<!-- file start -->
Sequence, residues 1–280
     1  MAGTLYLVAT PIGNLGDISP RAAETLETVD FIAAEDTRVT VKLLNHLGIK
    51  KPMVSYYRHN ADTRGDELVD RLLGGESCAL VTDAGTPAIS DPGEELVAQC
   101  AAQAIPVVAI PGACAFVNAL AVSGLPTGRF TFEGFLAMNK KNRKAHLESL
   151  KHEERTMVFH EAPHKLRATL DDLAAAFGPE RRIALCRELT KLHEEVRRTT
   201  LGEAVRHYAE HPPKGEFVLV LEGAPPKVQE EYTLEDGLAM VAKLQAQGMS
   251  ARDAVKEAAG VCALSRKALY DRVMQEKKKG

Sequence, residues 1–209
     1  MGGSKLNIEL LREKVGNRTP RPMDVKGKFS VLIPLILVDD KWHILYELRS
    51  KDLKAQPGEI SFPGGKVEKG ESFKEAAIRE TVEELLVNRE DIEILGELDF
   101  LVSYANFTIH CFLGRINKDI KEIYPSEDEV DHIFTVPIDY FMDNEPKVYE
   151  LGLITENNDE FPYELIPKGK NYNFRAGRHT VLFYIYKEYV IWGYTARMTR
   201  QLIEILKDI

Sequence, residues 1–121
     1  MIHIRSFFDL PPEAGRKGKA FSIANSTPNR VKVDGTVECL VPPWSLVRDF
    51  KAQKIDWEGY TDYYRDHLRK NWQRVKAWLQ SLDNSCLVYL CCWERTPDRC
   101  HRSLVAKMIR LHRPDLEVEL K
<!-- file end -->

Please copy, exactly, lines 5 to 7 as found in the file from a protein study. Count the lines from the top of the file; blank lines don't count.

   151  KHEERTMVFH EAPHKLRATL DDLAAAFGPE RRIALCRELT KLHEEVRRTT
   201  LGEAVRHYAE HPPKGEFVLV LEGAPPKVQE EYTLEDGLAM VAKLQAQGMS
   251  ARDAVKEAAG VCALSRKALY DRVMQEKKKG